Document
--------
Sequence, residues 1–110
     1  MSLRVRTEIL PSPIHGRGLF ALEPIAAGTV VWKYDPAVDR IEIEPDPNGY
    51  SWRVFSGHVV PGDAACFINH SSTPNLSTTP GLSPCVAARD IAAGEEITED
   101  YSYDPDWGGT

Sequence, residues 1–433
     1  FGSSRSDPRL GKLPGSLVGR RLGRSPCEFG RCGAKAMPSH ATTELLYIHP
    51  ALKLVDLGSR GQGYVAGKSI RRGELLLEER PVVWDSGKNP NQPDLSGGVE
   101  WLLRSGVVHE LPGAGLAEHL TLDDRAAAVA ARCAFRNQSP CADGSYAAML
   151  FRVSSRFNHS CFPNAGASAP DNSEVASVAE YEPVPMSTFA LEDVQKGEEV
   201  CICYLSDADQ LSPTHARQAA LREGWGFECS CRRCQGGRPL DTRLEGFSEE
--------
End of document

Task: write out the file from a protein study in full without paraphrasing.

Sequence, residues 1–110
     1  MSLRVRTEIL PSPIHGRGLF ALEPIAAGTV VWKYDPAVDR IEIEPDPNGY
    51  SWRVFSGHVV PGDAACFINH SSTPNLSTTP GLSPCVAARD IAAGEEITED
   101  YSYDPDWGGT

Sequence, residues 1–433
     1  FGSSRSDPRL GKLPGSLVGR RLGRSPCEFG RCGAKAMPSH ATTELLYIHP
    51  ALKLVDLGSR GQGYVAGKSI RRGELLLEER PVVWDSGKNP NQPDLSGGVE
   101  WLLRSGVVHE LPGAGLAEHL TLDDRAAAVA ARCAFRNQSP CADGSYAAML
   151  FRVSSRFNHS CFPNAGASAP DNSEVASVAE YEPVPMSTFA LEDVQKGEEV
   201  CICYLSDADQ LSPTHARQAA LREGWGFECS CRRCQGGRPL DTRLEGFSEE